Why go clutter free?

It takes no talent to plunk down a credit card and buy something generic.

Although some people can pick out something that’s pleasing, all too often it still ends up being clutter.

The secret to successful gift giving is to take the clutter free route. Your gift won’t have to be dusted, displayed, worn, stored, maintained or repaired. Instead it’ll be thoughtful, welcomed and enjoyed.

by Lucy Kelly


    1. Thanks Hilda! I wish I’d have had this guide when my kids were younger — my son was the first grandchild on our side of the family so we were inundated with toys when he came along. I loved the thought but we were in a tiny apartment and literally had no space for them!

  1. We often hear “give experiences, not things” but the experiences mentioned are usually big-ticket items, so I love the suggestions of a regular lunch or coffee date. Great life enhancement for both the giver and the recipient!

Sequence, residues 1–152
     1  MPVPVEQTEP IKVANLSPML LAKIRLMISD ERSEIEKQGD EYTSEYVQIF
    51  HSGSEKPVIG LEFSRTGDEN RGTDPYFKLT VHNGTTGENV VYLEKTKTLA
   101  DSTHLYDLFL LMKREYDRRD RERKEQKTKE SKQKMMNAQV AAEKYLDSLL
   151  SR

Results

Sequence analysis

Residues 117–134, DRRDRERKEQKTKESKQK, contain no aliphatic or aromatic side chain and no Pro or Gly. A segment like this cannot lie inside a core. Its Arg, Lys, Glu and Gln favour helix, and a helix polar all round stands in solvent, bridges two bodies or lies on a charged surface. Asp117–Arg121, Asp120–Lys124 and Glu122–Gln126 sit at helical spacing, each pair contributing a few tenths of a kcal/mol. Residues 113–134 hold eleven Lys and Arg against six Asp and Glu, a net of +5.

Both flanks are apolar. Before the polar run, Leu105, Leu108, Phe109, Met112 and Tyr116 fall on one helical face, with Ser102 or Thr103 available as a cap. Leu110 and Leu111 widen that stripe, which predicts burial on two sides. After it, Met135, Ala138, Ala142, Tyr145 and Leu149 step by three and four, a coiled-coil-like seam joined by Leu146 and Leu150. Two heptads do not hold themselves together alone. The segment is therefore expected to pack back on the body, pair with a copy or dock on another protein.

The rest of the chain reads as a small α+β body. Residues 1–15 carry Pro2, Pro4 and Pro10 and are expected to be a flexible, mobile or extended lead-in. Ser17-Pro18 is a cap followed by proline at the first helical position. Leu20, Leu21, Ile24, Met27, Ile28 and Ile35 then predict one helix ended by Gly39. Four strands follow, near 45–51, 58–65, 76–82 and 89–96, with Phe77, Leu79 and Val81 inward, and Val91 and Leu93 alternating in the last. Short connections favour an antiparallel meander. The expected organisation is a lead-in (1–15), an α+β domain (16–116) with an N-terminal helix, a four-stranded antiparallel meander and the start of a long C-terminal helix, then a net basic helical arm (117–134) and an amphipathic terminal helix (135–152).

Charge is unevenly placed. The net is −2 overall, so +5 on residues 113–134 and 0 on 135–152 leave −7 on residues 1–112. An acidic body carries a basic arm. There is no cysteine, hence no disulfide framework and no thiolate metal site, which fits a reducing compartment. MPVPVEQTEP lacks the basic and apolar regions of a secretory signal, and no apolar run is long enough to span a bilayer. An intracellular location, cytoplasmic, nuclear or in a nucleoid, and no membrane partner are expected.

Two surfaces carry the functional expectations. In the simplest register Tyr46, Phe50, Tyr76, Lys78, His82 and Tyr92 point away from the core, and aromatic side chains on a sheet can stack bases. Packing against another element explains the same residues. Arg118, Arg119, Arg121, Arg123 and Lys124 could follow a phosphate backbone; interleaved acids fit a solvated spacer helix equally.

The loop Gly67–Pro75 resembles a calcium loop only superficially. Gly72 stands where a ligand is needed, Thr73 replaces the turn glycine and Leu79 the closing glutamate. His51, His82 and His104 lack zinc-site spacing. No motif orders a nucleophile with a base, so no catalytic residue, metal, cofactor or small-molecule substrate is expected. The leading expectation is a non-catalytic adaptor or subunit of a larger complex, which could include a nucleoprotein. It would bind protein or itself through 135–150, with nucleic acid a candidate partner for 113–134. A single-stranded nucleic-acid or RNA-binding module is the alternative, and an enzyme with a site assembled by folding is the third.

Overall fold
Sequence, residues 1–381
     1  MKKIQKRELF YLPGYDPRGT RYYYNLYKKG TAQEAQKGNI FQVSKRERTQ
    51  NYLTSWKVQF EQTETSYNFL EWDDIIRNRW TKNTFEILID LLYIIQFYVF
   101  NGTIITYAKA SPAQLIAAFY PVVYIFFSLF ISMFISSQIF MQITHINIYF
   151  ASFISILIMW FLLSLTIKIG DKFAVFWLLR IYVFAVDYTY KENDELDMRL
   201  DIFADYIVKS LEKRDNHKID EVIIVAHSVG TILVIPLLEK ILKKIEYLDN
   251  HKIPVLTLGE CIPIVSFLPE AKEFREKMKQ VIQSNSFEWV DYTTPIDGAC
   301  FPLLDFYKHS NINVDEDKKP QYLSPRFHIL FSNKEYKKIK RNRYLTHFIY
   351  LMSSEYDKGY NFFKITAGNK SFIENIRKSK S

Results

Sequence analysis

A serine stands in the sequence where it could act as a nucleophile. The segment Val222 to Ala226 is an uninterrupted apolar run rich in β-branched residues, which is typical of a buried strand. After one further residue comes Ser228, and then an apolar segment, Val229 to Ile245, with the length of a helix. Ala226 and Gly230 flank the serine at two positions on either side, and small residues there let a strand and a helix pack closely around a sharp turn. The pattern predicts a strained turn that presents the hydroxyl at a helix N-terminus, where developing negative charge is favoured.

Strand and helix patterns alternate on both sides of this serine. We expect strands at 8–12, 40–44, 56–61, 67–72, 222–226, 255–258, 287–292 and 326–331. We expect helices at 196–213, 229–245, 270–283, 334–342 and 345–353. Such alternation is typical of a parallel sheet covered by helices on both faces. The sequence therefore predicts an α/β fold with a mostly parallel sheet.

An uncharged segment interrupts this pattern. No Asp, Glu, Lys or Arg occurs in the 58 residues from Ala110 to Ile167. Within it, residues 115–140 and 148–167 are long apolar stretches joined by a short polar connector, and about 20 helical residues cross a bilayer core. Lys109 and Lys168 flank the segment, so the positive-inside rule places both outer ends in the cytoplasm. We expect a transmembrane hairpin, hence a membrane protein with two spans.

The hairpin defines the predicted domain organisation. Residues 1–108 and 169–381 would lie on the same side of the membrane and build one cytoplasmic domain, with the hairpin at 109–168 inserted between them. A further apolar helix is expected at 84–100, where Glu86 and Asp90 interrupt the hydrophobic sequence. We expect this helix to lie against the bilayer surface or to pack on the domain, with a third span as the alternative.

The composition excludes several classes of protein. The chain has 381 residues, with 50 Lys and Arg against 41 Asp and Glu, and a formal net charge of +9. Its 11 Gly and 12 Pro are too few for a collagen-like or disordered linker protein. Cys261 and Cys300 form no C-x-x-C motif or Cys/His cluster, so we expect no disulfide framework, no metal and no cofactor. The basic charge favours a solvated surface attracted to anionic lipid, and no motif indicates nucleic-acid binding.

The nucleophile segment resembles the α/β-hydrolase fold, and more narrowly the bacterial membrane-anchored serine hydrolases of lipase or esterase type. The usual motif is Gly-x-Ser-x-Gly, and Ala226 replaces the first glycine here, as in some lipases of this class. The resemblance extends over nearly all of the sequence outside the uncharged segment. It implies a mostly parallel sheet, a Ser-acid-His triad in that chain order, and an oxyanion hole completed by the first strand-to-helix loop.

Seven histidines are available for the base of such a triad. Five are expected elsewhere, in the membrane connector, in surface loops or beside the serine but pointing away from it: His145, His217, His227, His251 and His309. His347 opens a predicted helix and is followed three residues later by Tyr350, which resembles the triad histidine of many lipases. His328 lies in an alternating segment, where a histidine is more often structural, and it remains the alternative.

1. So true Janet — a trip to Kilimanjaro certainly is an experience but pretty much a once in a lifetime (if that) one. And amazing though that would be, I actually think a regular coffee date with a good friend would in the end give me more pleasure.

    1. Such a great idea Sarah! My daughter recently went to a tea party theme birthday party and the girls made and decorated the cupcakes and the birthday cake and decorated their own tea cups. It would have been a blast at any age, but at 15 the designs were amazingly creative and inspiring!

  2. Great ideas! I often suggest to my Mom clients that they pass along a few specific ideas, such as memberships, to the grandparents to help avoid the “not one more stuffed animal” problem!